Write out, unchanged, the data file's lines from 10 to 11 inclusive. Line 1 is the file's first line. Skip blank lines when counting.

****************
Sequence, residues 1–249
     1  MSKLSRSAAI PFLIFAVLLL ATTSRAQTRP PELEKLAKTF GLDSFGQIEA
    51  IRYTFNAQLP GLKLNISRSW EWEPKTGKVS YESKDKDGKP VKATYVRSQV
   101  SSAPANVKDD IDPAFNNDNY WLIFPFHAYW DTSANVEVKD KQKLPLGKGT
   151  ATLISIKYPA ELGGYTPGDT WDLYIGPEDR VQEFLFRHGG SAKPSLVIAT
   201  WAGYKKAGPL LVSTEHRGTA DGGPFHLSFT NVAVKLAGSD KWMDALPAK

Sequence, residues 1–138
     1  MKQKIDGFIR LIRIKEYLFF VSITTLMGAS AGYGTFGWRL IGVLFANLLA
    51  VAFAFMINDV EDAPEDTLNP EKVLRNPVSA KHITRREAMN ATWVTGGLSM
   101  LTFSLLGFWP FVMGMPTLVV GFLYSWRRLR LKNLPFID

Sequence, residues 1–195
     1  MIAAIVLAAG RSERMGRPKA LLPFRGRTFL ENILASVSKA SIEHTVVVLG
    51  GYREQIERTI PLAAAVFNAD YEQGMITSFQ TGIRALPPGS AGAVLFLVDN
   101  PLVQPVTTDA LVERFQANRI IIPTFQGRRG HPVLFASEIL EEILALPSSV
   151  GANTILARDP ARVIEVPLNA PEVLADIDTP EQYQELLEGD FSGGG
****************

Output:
   101  LTFSLLGFWP FVMGMPTLVV GFLYSWRRLR LKNLPFID

Sequence, residues 1–195